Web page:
What was it like to be disabled before the era of curb cuts and accessible restrooms? Why should we care? Through an exploration of original artifacts from the scholar’s collection, participants can understand more about what it was like to be disabled in early America. This will be an important foundation for a discussion about their own experiences with disability and infirmity today. Exploring a topic that affects everyone at one point or another, this session increases awareness of the perspectives of those with disabilities.
Nicole Belolan, Ph.D.
Fellow-in- Residence and Program Coordinator at the Consortium for the History of Science, Technology, and Medicine
Nicole Belolan is a historian of eighteenth- and nineteenth-century American social and cultural history and a museum professional. Currently, she is Public Historian in Residence at the Mid-Atlantic Regional Center for the Humanities at Rutgers University-Camden. She is also Co-Editor of The Public Historian and digital media editor of the blog History@Work, both published by the National Council on Public History. Nicole earned a PhD in the History of American Civilization at the University of Delaware.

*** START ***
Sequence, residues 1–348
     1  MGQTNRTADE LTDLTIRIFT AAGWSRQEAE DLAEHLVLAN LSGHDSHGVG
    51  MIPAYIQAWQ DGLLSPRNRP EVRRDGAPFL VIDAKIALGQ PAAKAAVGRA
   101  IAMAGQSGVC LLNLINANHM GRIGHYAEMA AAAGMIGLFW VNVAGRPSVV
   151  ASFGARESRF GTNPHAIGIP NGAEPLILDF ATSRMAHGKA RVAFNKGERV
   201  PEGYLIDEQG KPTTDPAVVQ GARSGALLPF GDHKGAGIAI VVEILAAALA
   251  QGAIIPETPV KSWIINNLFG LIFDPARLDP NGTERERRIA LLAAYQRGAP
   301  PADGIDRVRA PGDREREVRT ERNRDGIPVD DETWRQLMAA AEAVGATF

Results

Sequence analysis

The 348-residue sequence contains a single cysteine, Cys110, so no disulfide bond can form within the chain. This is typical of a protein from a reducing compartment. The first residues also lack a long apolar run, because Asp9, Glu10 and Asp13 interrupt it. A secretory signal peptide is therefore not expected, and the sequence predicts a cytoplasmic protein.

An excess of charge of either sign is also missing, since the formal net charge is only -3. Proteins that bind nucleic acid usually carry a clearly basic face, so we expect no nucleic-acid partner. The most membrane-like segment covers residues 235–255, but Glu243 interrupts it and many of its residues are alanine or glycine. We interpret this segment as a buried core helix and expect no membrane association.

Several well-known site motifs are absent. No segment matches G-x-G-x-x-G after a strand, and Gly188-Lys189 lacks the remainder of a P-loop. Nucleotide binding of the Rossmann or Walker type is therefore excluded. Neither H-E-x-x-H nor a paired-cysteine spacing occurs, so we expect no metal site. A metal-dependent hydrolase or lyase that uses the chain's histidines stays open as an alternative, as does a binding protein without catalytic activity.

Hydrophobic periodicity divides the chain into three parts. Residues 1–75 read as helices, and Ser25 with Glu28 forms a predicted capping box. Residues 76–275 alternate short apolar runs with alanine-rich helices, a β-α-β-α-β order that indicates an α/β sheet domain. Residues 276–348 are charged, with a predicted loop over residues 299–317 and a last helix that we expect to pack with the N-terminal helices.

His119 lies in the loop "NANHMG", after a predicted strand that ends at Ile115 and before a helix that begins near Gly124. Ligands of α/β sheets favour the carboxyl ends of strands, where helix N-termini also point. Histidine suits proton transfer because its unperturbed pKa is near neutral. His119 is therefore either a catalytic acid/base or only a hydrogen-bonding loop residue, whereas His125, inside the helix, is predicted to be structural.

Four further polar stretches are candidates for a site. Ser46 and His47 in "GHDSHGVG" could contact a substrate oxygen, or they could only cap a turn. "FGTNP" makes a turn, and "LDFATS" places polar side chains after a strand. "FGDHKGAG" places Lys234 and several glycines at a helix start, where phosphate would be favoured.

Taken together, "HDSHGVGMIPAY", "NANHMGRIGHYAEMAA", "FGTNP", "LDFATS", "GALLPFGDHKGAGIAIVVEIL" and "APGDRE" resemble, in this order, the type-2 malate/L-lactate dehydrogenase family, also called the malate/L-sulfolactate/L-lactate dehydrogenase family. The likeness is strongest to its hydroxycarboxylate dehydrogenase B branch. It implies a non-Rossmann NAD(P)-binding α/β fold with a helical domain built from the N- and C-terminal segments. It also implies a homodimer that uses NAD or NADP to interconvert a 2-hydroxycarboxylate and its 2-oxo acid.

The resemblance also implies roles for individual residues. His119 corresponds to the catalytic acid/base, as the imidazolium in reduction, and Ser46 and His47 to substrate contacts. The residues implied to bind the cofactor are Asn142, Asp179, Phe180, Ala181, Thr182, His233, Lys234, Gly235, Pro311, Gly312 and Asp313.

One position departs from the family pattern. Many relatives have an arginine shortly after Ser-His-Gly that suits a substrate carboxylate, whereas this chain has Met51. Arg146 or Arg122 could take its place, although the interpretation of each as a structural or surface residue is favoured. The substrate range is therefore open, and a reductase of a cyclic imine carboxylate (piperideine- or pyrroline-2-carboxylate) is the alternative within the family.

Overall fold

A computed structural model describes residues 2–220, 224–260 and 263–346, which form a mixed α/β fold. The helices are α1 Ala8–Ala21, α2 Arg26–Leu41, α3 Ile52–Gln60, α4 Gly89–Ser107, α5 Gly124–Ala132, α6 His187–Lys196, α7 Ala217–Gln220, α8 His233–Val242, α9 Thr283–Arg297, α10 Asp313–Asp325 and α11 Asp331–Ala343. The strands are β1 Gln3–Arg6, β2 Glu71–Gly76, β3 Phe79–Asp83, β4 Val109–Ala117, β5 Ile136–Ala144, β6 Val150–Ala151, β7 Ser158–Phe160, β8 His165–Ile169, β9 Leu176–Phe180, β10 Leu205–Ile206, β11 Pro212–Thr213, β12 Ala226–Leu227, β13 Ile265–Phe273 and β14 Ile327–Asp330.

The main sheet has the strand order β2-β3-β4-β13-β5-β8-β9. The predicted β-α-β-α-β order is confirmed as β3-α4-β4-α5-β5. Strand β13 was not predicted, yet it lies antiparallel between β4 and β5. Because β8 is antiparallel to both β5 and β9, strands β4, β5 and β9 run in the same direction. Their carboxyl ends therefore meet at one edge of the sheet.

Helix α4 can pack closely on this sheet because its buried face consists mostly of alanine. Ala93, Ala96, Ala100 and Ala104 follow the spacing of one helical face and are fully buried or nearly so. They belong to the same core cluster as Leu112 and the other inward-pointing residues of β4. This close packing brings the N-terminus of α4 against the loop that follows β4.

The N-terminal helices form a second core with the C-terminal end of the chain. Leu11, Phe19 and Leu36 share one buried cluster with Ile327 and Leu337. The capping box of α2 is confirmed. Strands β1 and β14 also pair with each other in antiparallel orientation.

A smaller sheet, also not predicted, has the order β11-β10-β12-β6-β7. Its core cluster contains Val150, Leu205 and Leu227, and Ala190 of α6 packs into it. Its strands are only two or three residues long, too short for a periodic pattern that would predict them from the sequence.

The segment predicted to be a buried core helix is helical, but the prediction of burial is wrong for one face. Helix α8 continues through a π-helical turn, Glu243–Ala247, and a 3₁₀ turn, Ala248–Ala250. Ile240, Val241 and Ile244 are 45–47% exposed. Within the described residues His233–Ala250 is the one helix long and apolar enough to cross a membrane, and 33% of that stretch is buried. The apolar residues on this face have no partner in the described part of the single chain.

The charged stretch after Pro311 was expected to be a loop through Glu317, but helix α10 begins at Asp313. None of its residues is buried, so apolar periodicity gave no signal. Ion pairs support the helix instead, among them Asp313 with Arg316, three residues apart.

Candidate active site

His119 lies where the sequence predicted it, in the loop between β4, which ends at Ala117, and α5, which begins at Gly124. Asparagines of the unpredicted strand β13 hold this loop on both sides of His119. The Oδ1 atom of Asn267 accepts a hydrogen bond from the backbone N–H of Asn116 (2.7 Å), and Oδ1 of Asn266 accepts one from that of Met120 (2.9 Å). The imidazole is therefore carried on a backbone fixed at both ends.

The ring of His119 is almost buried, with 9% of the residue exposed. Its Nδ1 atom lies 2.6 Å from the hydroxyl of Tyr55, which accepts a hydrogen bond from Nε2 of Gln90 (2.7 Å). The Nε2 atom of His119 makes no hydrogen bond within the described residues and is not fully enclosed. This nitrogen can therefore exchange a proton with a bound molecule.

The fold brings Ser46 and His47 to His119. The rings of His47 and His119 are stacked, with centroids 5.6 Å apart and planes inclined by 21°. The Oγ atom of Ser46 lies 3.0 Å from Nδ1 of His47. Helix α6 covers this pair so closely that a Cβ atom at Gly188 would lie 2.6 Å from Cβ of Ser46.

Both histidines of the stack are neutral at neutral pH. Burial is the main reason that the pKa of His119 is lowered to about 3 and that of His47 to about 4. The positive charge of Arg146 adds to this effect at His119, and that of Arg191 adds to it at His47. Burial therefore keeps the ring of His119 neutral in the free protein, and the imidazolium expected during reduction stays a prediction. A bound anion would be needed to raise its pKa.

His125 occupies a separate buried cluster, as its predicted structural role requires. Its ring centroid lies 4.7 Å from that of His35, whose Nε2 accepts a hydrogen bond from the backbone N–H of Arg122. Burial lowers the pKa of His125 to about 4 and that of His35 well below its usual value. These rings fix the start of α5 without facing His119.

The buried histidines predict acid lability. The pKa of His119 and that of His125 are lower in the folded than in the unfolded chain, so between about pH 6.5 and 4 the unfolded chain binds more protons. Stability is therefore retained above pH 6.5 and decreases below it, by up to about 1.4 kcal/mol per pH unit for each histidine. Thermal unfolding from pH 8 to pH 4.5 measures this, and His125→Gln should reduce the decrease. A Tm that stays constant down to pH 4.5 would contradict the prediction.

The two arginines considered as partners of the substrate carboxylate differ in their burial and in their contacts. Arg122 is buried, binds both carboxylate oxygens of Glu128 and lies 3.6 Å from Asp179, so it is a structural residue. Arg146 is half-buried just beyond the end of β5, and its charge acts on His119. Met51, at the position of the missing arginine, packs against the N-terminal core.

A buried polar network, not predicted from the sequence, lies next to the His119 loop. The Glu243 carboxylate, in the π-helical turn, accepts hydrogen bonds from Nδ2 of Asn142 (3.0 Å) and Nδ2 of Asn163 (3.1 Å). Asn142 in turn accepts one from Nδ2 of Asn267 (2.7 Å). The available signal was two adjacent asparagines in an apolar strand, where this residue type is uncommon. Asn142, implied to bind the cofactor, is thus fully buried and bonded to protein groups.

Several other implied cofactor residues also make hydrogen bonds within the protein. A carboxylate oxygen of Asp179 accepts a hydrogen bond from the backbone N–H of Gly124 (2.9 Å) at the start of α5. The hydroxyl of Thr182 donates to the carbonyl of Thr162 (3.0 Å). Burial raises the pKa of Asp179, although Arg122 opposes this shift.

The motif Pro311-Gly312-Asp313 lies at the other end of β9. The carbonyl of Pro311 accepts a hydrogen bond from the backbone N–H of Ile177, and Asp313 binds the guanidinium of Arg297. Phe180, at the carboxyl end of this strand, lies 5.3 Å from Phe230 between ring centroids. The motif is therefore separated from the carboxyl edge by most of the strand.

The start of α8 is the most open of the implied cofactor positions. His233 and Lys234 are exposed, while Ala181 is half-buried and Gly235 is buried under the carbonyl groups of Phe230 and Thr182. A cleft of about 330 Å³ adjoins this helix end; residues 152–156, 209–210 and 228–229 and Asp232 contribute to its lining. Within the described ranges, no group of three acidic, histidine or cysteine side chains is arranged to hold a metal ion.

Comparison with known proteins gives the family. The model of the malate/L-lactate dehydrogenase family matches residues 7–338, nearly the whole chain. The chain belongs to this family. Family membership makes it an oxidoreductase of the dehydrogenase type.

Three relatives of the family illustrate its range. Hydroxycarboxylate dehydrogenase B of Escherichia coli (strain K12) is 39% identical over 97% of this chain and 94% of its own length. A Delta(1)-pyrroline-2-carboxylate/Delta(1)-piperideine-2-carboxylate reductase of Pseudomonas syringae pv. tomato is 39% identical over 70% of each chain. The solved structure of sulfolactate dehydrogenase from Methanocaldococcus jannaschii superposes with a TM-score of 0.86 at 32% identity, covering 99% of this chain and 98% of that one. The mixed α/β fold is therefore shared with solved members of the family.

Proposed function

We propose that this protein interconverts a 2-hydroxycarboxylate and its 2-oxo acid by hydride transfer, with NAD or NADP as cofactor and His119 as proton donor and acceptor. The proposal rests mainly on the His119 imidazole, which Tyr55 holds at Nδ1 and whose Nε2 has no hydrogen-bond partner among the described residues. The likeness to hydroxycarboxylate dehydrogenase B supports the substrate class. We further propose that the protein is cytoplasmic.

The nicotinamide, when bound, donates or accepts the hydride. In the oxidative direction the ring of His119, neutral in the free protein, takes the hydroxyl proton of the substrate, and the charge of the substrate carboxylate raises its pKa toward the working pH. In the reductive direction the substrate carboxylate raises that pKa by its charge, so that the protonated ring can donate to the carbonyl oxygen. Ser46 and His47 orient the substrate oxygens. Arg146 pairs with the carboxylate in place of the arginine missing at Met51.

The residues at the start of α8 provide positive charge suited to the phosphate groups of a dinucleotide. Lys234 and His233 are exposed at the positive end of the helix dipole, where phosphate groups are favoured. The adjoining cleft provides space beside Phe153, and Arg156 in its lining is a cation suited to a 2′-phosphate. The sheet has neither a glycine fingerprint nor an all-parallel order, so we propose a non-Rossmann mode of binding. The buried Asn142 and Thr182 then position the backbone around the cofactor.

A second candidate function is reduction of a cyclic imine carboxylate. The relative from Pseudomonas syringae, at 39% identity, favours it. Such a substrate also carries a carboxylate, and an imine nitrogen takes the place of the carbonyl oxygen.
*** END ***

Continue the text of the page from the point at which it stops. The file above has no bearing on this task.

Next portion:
PROGRAMS BY THIS SCHOLAR